Category: blogSource: valuewalkDec 17th, 2021

McDonald’s to pay Black store owner $33.5 million to end bias suit

McDonald’s will pay $33.5 million to a former baseball player who owns multiple franchises to end a lawsuit he brought against the company accusing it of racial discrimination.McDonald’s will pay $33.5 million to a former baseball player who owns multiple franchises to end a lawsuit he brought against the company accusing it of racial discrimination......»»

Category: topSource: chicagotribuneDec 17th, 2021

Supreme Court considers religious freedoms in a case that could narrow the separation between church and state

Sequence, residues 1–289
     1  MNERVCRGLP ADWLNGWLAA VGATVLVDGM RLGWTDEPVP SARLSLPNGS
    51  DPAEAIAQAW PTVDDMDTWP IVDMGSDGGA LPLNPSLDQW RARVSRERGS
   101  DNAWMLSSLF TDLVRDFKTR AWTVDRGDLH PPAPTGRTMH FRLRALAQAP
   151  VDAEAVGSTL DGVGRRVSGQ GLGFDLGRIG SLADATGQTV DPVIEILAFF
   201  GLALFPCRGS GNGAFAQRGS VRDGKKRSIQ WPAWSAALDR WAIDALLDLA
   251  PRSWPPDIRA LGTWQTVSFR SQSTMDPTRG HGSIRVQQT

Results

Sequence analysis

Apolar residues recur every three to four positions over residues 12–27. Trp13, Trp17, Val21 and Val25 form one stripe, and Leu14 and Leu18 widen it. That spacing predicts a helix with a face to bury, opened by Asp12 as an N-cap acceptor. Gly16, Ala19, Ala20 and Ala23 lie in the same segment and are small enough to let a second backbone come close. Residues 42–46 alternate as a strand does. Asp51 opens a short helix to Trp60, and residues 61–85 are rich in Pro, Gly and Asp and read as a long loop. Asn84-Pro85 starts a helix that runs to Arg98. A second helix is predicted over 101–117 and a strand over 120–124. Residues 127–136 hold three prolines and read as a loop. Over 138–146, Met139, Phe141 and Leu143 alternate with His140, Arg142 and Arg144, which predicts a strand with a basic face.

Two families turned to Maine's tuition-assistance program to enroll their kids in faith-based schools. But the state funds only go to "nonsectarian" schools. The U.S. Supreme Court building is seen at sunset in Washington on Thursday, Dec. 2, 2021.Bill Clark/CQ-Roll Call, Inc via Getty Images The Supreme Court on Wednesday heard a challenge from two families who claim that Maine violated their religious rights. The families applied for funds from Maine's tuition-assistance program to enroll their kids in faith-based schools. But state funds only go to "nonsectarian" schools. The court's conservatives appeared receptive to the parents' position.  The Supreme Court on Wednesday considered whether Maine violated religious rights in a case that could narrow the separation between church and state in the United States. The justices heard a challenge to a Maine rule that excludes faith-based schools from a tuition-assistance program. In Maine, school-aged children have the right to a free public education. But some areas of the state do not have public schools. To ensure the student's right is met, Maine devised a program that offers taxpayer funds to cover students' tuition fees at nearby private schools. In 2018, two families, the Carsons and the Nelsons, wanted to enroll their kids in private schools that offer religious teaching. They sought funding from the state but did not qualify, as the law requires the school to be "nonsectarian" in order to be eligible. The Carsons and Nelsons sued the state.In the case of Carson v. Makin, the families argue that this rule is discriminatory and violates their First Amendment right to exercise religion freely. A lower court ruled against their challenge. But the Supreme Court, which in recent years has protected religious liberties, took up their appeal. "It is only because of religion that they are excluded. You can call that discrimination based on religious use. You can call it discrimination based on religious status. Call it what you will. Either way, it is discrimination based on religion and either way, it is unconstitutional," Michael Bindas, a senior attorney at the Institute for Justice, argued on behalf of the parents on Wednesday.Christopher Taub, Maine's chief deputy attorney general, defended the state's rule to the justices on Wednesday."The reason that schools that promote a particular faith are not eligible to participate is simple: Maine has determined that as a matter public policy, public education should be religiously neutral," he said.The court's conservatives, who make up a 6-3 majority, seemed receptive to the challenge from the parents.Justice Samuel Alito questioned whether a school that is associated with a religious group and teaches students about religious beliefs concerning equality, dignity, and charity work, but doesn't impose a religious "dogma," would be disqualified from Maine's program."Public schools often have a set of values that they want to instill — public service, be kind to others, be generous," Taub responded. "What would make the difference is whether children are being taught that your religion demands that you do these things."Alito interrupted Taub, saying: "Then you really are discriminating on the basis of religious belief. What I described is, I think, pretty close to Unitarian Universalism, and that is a religious community."Chief Justice John Roberts also raised concerns about how Maine's rule could discriminate between religions, which Taub pushed back on."You're discriminating among religions based on their belief, right?" Roberts asked. Justice Brett Kavanaugh pointed out that the parents "are seeking equal treatment, not special treatment.""They're saying don't treat me worse because I want to send my children to a religious school rather than a secular school. Treat me the same as the secular parent next door," he said.Justice Elena Kagan, a liberal, raised a hypothetical about whether the state would allow a school that teaches white supremacy to apply for its tuition-assistance program."Knowing what I know about Maine and our legislature, a way would be found to ensure that that school is not allowed to participate," Taub said.Alito followed up on that question, pressing Taub on whether a school that teaches critical race theory would be allowed to apply for the program."If teaching critical race theory is antithetical to a public education, then the legislature would likely address that," Taub said.—Mark Joseph Stern (@mjs_DC) December 8, 2021The Supreme Court will hand down a ruling on the case by the end of next June.The decision will also impact the hotly debated issue of "school choice." Proponents of school choice say it offers options beyond the traditional public school system, while critics say it erodes public schools, which most students in the US attend.The court's "conservative justices may be poised to turn America's foundational principle of religious freedom on its head," Americans United for Separation of Church and State, a nonprofit organization, said in a statement following Wednesday's arguments. "Maine's program is intended to support secular and inclusive education. Like church-state separation, public education is a unifying force in our society that ensures everyone is treated equally under the law regardless of what we believe, what we look like, our level of ability, or who we love."Read the original article on Business Insider.....»»